R: I think a lot of organisations want to do the right thing, talk a good game but because they don’t truly understand the value of D&I, they do not prioritise it or have a budget that reflects the importance of the project.

E: How can The Equal Group help companies which want to tackle diversity and inclusion head on, but don’t know where to start or have the resources in house?

R: At The Equal Group, our approach is always to start by having an open conversation so we have an understanding of your organisation, what you are currently doing and where you want to get to. A lot of companies tremble at the thought of admitting that they need help and it makes it difficult to know where to start. Our offering starts with an audit of your organisation which produces an easy to understand report showing the current success of your D&I efforts. This gives us a platform to explore what to do next so the most important thing The Equal Group can do for your organisation is give you the starting point to do better.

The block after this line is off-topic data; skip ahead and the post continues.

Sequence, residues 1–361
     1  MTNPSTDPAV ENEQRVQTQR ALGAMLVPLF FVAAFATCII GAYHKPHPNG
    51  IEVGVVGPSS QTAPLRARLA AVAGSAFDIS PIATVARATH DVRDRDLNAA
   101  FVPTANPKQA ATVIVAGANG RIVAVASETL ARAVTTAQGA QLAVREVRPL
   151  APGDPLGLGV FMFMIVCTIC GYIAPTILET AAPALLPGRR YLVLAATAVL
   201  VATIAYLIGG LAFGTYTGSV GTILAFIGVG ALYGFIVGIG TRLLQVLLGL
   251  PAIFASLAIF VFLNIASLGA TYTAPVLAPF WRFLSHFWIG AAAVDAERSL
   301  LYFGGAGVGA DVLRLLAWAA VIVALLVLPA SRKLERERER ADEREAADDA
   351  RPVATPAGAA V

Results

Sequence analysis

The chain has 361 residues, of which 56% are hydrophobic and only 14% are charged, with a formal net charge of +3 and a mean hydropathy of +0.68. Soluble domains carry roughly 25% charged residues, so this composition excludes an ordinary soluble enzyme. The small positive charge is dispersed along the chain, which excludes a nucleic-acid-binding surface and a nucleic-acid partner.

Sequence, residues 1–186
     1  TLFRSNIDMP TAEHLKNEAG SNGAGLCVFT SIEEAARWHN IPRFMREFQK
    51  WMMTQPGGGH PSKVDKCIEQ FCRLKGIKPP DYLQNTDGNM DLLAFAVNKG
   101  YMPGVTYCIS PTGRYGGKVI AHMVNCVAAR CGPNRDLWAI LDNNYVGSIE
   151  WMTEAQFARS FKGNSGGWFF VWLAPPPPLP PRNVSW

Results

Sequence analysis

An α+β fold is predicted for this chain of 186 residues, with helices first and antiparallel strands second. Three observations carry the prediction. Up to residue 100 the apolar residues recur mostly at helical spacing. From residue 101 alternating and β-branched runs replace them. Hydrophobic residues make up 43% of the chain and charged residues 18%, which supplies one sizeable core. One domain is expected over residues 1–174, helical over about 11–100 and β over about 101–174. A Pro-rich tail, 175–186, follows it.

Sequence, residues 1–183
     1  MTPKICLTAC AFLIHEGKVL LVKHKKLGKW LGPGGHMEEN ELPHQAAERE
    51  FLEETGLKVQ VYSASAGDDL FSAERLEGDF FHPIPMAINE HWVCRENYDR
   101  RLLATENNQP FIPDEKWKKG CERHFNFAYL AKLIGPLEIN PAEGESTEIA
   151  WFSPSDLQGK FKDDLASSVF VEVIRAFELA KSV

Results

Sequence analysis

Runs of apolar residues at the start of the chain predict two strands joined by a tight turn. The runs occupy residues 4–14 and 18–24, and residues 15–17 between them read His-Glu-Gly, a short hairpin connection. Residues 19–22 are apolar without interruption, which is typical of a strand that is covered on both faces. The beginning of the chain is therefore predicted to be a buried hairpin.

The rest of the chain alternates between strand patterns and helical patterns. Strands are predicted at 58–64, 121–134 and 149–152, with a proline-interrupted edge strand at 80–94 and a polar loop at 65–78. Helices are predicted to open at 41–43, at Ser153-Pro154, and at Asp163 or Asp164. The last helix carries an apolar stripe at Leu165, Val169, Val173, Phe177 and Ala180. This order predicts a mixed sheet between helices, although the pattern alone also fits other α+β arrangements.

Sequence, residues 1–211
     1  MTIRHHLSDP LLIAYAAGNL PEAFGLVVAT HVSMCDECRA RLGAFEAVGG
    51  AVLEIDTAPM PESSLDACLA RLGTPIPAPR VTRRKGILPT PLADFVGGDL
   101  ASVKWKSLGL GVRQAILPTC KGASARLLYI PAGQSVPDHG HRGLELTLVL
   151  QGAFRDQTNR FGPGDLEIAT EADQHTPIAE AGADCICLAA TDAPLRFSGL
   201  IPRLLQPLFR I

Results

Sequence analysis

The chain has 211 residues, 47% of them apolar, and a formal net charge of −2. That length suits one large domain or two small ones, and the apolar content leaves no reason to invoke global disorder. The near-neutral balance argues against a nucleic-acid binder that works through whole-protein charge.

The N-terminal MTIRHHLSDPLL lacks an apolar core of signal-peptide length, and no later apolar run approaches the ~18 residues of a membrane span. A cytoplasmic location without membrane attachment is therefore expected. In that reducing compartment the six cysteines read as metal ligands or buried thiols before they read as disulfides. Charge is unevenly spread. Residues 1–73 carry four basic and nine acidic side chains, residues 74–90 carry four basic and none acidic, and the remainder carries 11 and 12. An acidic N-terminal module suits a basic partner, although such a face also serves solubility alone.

These are just a few of the countless benefits of diversity and inclusion in the workplace. Do you agree that it’s absolutely crucial to embrace diversity early on, and keep the policy into the future? If you’re ready to take the next step towards building a stronger and more successful business then please book a free consultation with one of our diversity and inclusion experts by filling in the form on our website: https://theequalgroup.com/contact-us/

About The Equal Group

The Equal Group offers data-driven diversity and inclusion consultancy and tech which helps companies identify bias within the workplace and the necessary action steps to disrupt it. TEG works together with universities that specialise in the D+I field and thus have experienced specialists on board. 

Photo by rawpixel on Unsplash